The government wants to build sea walls that will be 30 feet high in places and stretch for more than 200 miles. Some say the $8 billion effort is too costly and will ruin the beaches.
Our correspondents roam the world in search of fascinating people and places. When they find them, with a GPS or by pure serendipity, we tell those stories.
The mayor of a small Spanish town cleaned out supermarkets to give food to the hungry and draw attention to their economic plight. But now he's facing a potential jail stint.
President Vladimir Putin isn't the first Russian leader to try to rebuild Sochi, but it's not so clear his project will ultimately be more successful than his predecessors.
The operator of the Fukushima Dai-ichi plant is under criticism for its management of the cleanup after the tsunami and subsequent meltdown in 2011. NPR's Anthony Kuhn recently went inside one of the Fukushima reactors to see the efforts himself.
Pakistani lawmakers may have overreached when they approved a measure that makes it a crime, punishable by jail time, to spray graffiti in the chaotic and often lawless city Karachi.
Some call Tim Walsh the disaster garbage man, but he prefers waste management specialist. After major natural disasters, the Briton comes to clean up and put people to work. Amid destruction he's seen from Indonesia to the Philippines, he's learned that there's opportunity, and hope, even in a dump.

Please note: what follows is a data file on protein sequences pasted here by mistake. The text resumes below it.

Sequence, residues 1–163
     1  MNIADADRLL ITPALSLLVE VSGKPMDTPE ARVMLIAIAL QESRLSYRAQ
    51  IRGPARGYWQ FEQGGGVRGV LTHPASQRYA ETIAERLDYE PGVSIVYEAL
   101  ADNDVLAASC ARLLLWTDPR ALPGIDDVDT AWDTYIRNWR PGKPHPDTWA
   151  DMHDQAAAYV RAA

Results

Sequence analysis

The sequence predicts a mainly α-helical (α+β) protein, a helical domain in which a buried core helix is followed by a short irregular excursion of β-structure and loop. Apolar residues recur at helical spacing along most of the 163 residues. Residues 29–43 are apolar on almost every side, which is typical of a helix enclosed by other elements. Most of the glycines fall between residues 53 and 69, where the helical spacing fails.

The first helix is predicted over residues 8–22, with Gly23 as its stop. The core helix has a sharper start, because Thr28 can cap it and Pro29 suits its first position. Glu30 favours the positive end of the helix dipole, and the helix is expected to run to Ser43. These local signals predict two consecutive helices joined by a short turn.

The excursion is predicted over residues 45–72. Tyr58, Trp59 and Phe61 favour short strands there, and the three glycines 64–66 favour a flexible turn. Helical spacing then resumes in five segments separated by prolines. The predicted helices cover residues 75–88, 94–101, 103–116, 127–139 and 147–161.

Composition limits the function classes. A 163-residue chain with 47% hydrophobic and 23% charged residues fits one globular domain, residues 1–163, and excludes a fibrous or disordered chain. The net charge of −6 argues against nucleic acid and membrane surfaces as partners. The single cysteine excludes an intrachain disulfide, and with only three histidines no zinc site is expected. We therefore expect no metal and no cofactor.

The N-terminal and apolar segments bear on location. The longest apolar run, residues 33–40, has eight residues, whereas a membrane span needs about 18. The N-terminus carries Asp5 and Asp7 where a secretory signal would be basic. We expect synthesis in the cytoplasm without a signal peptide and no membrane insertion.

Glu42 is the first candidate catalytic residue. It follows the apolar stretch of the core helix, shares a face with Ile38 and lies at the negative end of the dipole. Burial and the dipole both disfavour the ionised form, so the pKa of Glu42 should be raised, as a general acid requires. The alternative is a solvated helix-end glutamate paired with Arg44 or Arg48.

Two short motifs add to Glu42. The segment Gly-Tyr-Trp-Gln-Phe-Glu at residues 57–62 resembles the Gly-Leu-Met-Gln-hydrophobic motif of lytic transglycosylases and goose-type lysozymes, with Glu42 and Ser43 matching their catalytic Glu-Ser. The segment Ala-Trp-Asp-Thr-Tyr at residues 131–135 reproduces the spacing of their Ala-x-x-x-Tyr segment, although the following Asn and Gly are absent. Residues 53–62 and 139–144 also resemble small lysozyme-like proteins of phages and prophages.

Spain's royal family, which used to face little criticism, is increasingly becoming a target over its spending habits during Spain's economic woes. The king's youngest daughter, Infanta Cristina, and her husband have had their mansion confiscated and are now facing allegations of fraud.
The Mexican man says he was one of 17 kidnapped by a cartel and forced to build drug-smuggling tunnels. Now he might be in prison for the rest of his life.
Detained journalists and activists have been writing about the harsh conditions and remain sharply critical of the government despite the risk that they could face additional punishment.
Brazil was the last country in the Americas to outlaw slavery. Descendants of runaway slaves are fighting for land rights. They were granted the rights in 1988, but few have actually gotten ownership.